This is the year to experiment with creating a teacher self-care routine
This week marked the 19th anniversary of September 11th. Although every year I try to honor the day with some kind of remembrance exercise, this year it hit me like a ton of bricks.
I heard a commentator say that this week that in Time magazine the cover will be outlined in black to remember the almost 200,000 Americans who have lost their lives during the pandemic so far. The last time they made that change to the cover was after 9/11 to remember those we lost.
And then I realized why this year felt so different.
That collective trauma is something we’re currently experiencing again.
When 9/11 happened I was a student teacher. I remember the absolute feeling of overwhelm I experienced myself and getting “in the trenches training” to put a stiff upper lip on for my students in those days, weeks, maybe even years that followed. It was expected I would process all of this in private and provide students with support.
Self-care was not a buzzword, and it certainly wasn’t something that was talked about in regard to teaching. Teaching during this time was about working hard. Giving selflessly. Staying late. Taking work home. It was about giving your all even when things in your life were turned upside down-like it was for so many of us after 9/11 happened (or when any other life stuff happens for that matter!).
Now I get it, students don’t need to deal with their teachers’ problems. I’m certainly not advocating that. But there is a pervasive culture in many of our schools that teachers need to do their job at school and then figure out how to care for themselves on their own time.
I’m here to posit that this compartmentalizing makes for an incredibly toxic culture and one that isn’t going to model for students how to care for themselves and others when things go awry again (like right now).
I make this parallel to 9/11 because some time in March 2020 (for me it was March 13) you probably had the experience of your world being completely upended by the coronavirus pandemic, in some way. It was similar to what we felt as a country during those moments after 9/11, but there’s a tremendous difference. After 9/11we needed to pick up pieces, but it was a singular event that happened. We could focus on this day, process it, and then we could move forward together.
Today we’re six months in and still not “through” it. As teachers our time is just starting with how to pick up the pieces while the rubble is still falling. We’re all part of this grand experiment in one way or another of how to open schools safely with a pandemic still happening.
So given that we all know we’re part of the experiment, I’d like to invite you (because I’m taking on this challenge myself) to create your own experiment. Unlike after 9/11 when no one was talking too much about self-care or burnout or SEL to help us through the collective trauma, can you conduct your own experiment with your own self-care?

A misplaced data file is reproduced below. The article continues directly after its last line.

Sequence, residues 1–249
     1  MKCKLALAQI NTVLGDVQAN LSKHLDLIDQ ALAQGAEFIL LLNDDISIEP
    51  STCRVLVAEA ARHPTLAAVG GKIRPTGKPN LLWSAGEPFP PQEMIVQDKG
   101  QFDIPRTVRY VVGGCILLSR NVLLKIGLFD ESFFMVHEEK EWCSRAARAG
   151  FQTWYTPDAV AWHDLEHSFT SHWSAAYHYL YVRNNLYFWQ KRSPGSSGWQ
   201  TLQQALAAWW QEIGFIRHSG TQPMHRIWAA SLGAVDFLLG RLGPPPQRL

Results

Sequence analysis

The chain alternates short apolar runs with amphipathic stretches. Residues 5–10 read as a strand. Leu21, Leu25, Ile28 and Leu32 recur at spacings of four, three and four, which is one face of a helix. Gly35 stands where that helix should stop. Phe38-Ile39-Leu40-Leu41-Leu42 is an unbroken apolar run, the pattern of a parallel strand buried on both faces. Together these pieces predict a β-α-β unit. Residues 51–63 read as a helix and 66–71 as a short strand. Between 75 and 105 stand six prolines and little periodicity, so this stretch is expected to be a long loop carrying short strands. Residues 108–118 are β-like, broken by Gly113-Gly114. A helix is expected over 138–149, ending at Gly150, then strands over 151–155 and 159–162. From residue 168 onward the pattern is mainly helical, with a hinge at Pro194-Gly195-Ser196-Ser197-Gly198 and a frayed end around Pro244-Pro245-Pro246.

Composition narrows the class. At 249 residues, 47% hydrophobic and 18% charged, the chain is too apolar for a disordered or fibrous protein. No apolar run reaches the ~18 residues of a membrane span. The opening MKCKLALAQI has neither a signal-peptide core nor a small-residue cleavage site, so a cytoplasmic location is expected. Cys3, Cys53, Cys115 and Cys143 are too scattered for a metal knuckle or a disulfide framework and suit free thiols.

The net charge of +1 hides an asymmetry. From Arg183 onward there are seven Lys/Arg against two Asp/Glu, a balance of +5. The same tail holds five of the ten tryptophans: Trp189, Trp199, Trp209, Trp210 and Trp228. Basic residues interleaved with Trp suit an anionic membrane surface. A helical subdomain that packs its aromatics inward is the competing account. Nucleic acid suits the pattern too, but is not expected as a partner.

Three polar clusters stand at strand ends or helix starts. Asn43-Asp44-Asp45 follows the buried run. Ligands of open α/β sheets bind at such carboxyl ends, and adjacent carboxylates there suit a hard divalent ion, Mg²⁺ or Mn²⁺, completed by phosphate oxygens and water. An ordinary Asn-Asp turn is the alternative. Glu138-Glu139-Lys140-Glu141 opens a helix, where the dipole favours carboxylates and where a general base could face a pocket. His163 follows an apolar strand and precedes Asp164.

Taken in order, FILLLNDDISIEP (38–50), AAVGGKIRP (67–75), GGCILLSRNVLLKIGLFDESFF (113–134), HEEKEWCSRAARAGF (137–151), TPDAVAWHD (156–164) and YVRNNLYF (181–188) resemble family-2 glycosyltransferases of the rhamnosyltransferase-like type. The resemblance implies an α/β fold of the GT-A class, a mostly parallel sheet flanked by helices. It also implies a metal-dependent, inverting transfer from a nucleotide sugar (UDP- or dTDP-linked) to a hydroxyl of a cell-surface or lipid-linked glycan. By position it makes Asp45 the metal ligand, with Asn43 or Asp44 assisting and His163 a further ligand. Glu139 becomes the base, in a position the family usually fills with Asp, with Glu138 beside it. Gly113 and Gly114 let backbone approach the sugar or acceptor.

I’ve heard so many utterances on social about not being able to keep up the pace this year. How this is too difficult. How there’s got to be a different way. Yes to all of it. But if schools are not operating as business as usual, why don’t we conduct a grand experiment and use this time as a way to not conduct yourself as business as usual either. And I mean that in a good way. Experiment with scheduling and mapping out your self-care first. Then fill in the rest.
I just went through this exercise because admittedly I looked at my own routine for the past three weeks and to put it bluntly, I’m a mess in some areas. Yes, I’m still running but that’s not ever what slips. When I sat down and did a true inventory, I’m lacking sleep and my after dinner “snack” choices have revealed that I’m both not hungry but extremely stressed. I also realized that the entire work week I didn’t meditate at all. For someone who recommends that being such a great way to manage stress, I really needed to look at what was going on.
So I’m being honest with you, because that’s what I try to be. I just spent time sorting through and making a plan with sleep the first thing I filled in. Then I worked backwards from there.
So start with the thing you know you need the most. Schedule that and see how the rest of the “things” fall into place. Just focus on that main priority for a few days or a week and see if anything else makes it apparent to you that it needs your attention.
If you’re looking for a little more guidance, check out this Teacher Self-Care Triage PDF if you’d like a little quick guide to introducing self-care into your life and you aren’t sure where to start.
So as we continue to be part of this experiment, know that I’m right there with you. We all have some kind of memories about 9/11 as either students or teachers. We got through that tragedy together and we will weather this storm, but as I heard someone ask and I will ask all of you…
“Who do you want to be on the other side of all of this?”
When you look back on this point in your personal history,
what do you want your history to show?
Take that answer and hold that as your shining star to move toward.
Take the first step toward that answer this week.
If you take the time to create your own teacher self-care experiment, I’d love to hear what you’ve come up with and if I can be a support I will try, but as I promised you be patient with me…I’m prioritizing 7 hours of sleep!